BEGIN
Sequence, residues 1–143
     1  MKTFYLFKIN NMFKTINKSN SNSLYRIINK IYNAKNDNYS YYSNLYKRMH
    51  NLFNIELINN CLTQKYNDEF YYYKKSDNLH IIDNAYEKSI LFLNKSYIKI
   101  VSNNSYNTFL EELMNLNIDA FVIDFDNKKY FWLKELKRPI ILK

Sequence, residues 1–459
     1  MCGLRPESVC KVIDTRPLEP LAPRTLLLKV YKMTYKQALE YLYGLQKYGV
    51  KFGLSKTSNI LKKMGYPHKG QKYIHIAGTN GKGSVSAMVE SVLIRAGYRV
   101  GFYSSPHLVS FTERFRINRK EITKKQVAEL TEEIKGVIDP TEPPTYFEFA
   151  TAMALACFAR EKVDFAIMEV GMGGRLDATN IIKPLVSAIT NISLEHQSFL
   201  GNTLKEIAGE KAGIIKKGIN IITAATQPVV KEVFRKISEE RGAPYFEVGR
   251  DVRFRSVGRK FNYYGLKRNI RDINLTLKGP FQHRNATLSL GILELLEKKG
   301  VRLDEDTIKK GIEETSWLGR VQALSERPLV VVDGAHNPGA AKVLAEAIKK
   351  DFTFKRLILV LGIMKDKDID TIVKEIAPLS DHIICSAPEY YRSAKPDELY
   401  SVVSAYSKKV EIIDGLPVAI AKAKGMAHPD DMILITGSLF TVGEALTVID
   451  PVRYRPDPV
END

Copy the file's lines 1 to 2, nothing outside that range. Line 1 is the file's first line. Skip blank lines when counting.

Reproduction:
Sequence, residues 1–143
     1  MKTFYLFKIN NMFKTINKSN SNSLYRIINK IYNAKNDNYS YYSNLYKRMH